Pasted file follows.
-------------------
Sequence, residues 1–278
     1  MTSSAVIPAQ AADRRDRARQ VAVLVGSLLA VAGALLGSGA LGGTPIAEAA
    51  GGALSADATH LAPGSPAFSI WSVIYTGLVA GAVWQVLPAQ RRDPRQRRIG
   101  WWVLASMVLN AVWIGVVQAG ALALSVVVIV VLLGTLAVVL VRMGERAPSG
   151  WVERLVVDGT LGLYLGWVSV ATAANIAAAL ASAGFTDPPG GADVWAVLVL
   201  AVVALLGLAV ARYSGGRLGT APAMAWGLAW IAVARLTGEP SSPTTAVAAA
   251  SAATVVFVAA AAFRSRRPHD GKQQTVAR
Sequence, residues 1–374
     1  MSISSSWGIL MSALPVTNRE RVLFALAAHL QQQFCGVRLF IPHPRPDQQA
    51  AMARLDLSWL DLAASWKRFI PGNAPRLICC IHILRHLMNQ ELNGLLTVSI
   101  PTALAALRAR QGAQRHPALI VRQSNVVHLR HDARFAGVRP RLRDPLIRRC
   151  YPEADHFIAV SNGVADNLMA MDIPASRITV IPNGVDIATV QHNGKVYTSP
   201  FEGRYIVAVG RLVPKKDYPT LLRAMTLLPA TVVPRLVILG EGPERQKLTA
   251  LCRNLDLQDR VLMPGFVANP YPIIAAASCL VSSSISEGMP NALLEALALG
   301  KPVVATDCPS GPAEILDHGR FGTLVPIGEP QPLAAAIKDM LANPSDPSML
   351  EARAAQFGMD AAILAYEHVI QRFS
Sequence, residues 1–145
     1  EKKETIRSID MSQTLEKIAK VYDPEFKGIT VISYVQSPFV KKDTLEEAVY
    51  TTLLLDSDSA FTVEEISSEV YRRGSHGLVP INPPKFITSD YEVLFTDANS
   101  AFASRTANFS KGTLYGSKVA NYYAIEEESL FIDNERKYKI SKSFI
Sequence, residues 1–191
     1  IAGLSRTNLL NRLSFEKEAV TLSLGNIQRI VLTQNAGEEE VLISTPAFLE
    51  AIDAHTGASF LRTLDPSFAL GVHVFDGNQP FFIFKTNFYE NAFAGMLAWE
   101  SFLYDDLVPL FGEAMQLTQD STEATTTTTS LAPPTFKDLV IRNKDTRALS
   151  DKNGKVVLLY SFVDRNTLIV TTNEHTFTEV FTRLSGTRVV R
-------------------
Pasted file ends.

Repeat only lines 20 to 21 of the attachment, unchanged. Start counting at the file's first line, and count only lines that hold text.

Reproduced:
   101  AFASRTANFS KGTLYGSKVA NYYAIEEESL FIDNERKYKI SKSFI
Sequence, residues 1–191